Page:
Capps Introduces Legislation to Improve Children’s Access to Health Care

Jul 9, 2013 Issues: Education, Healthcare

WASHINGTON – Today, Rep. Lois Capps (CA-24) announced that she has introduced the School-Based Health Centers Act, legislation that would provide continued federal support for critical, high-quality comprehensive health care, mental health care and social services at School-Based Health Centers across the country. In a country with more than 5 million uninsured children, School-Based Health Centers (SBHCs) serve as vital health care safety net providers to the nearly 2 million students who have access to them. By providing these important health care services where children spend most of their day – at school – SBHCs help reduce emergency room visits while increasing school attendance and student achievement. Because of the current economic climate, many of the nearly 2,000 School-Based Health Centers are at risk of cutting services, jobs and closing.

School-Based Health Centers, like the one at Santa Maria High School, are critical to ensuring that many of our children continue to have access to vital health and mental health care services,” Capps said. “These centers provide a safe environment for students to seek help and are key to ensuring they get the assistance they need. School-Based Health Centers are a common sense way to keep our students healthy and learning and are often the only source of comprehensive health care for many students. We should be expanding these services, not cutting them.”

“We applaud Congresswoman Capps for her leadership in recognizing that school-based health centers are a critical health care access point for underserved students across the nation,” said Linda Juszczak, president of the School-Based Health Alliance (formerly known as the National Assembly on School-Based Health Care). “School-based health centers are redefining health for children and adolescents at the intersection of health and education. This model of care offers solutions to the problems facing federal policymakers as they struggle to achieve better – and more affordable – health care outcomes. Reauthorizing legislation to support school-based health centers isn’t just the right thing to do, it’s smart policy.”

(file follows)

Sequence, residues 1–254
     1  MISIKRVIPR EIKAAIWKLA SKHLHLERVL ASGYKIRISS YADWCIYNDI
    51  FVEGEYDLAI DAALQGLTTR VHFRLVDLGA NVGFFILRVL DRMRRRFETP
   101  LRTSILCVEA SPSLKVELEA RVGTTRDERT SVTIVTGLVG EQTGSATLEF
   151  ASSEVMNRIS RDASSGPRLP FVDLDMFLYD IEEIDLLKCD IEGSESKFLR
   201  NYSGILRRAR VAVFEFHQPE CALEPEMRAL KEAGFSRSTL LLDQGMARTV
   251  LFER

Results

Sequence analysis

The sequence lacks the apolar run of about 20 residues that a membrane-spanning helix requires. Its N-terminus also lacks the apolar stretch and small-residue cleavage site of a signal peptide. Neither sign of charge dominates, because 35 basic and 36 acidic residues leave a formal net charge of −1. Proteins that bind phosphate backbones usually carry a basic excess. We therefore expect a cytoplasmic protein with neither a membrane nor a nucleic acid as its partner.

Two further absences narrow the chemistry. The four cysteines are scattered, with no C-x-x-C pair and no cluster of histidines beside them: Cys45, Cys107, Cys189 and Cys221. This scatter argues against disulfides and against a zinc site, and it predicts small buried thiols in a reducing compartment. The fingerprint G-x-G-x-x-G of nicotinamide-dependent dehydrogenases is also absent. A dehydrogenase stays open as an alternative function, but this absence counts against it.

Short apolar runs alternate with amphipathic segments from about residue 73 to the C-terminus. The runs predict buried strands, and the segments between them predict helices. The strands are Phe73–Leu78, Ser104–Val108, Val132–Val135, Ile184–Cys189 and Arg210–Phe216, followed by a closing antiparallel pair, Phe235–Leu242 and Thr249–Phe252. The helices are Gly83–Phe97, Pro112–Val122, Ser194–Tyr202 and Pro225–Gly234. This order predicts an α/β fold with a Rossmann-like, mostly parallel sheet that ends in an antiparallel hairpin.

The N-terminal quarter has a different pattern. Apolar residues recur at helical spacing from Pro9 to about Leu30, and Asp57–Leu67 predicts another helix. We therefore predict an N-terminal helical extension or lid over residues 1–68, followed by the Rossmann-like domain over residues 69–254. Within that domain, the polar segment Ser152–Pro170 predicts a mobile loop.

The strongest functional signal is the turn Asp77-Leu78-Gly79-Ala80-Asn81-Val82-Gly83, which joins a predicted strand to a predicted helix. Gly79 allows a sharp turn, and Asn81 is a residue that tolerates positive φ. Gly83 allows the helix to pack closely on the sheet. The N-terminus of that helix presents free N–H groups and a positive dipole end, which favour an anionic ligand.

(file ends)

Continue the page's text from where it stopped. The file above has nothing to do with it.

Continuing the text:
The School-Based Health Centers Act would reauthorize the only source of federal resources dedicated to the operations of SBHCs. The bill currently has 15 original cosponsors. SBHC legislation introduced by Congresswoman Capps in 2009 was included in the 2010 Affordable Care Act, but that law is set to expire at the end of 2014 if not reauthorized.

Capps spoke about the importance of the bill on the House floor today. See video here, and a text of her remarks below:

Mr. Speaker, I rise today to call attention to legislation I am reintroducing, the School-Based Health Centers Act.

My bill is simple and straight forward – it reauthorizes the only source of federal support dedicated to the operations of School-Based Health Centers.

These centers provide vital preventative and primary health care services to over two million students nationwide.

They are often the only source of health care for children and adolescents, and they are easily accessible, keeping students healthy, in school, and learning.

Yet in the current economic climate, many of the nearly 2,000 centers are at risk of cutting services, jobs or even closing.

That is why I have reintroduced legislation to ensure these important health centers not only remain open, but can expand to serve more students.

Students deserve reliable access to quality comprehensive healthcare services.

And school-based health centers are one of the best ways to do just that.

I strongly urge my colleagues to join me in cosponsoring the School Based Health Centers Bill.

I yield back.